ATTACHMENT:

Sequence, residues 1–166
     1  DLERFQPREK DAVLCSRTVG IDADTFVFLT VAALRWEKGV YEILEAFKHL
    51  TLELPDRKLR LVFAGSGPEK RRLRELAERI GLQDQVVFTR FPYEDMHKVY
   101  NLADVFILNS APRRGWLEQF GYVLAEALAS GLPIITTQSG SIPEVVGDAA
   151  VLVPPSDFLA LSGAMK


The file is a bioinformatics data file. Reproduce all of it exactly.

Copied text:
Sequence, residues 1–166
     1  DLERFQPREK DAVLCSRTVG IDADTFVFLT VAALRWEKGV YEILEAFKHL
    51  TLELPDRKLR LVFAGSGPEK RRLRELAERI GLQDQVVFTR FPYEDMHKVY
   101  NLADVFILNS APRRGWLEQF GYVLAEALAS GLPIITTQSG SIPEVVGDAA
   151  VLVPPSDFLA LSGAMK